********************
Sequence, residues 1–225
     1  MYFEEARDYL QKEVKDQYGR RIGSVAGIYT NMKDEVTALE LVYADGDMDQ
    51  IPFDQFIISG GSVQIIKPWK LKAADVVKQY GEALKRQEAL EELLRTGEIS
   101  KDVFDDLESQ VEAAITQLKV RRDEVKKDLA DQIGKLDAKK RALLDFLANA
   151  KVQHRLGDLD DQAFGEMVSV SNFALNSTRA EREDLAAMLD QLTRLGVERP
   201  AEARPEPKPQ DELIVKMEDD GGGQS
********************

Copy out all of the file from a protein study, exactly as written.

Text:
Sequence, residues 1–225
     1  MYFEEARDYL QKEVKDQYGR RIGSVAGIYT NMKDEVTALE LVYADGDMDQ
    51  IPFDQFIISG GSVQIIKPWK LKAADVVKQY GEALKRQEAL EELLRTGEIS
   101  KDVFDDLESQ VEAAITQLKV RRDEVKKDLA DQIGKLDAKK RALLDFLANA
   151  KVQHRLGDLD DQAFGEMVSV SNFALNSTRA EREDLAAMLD QLTRLGVERP
   201  AEARPEPKPQ DELIVKMEDD GGGQS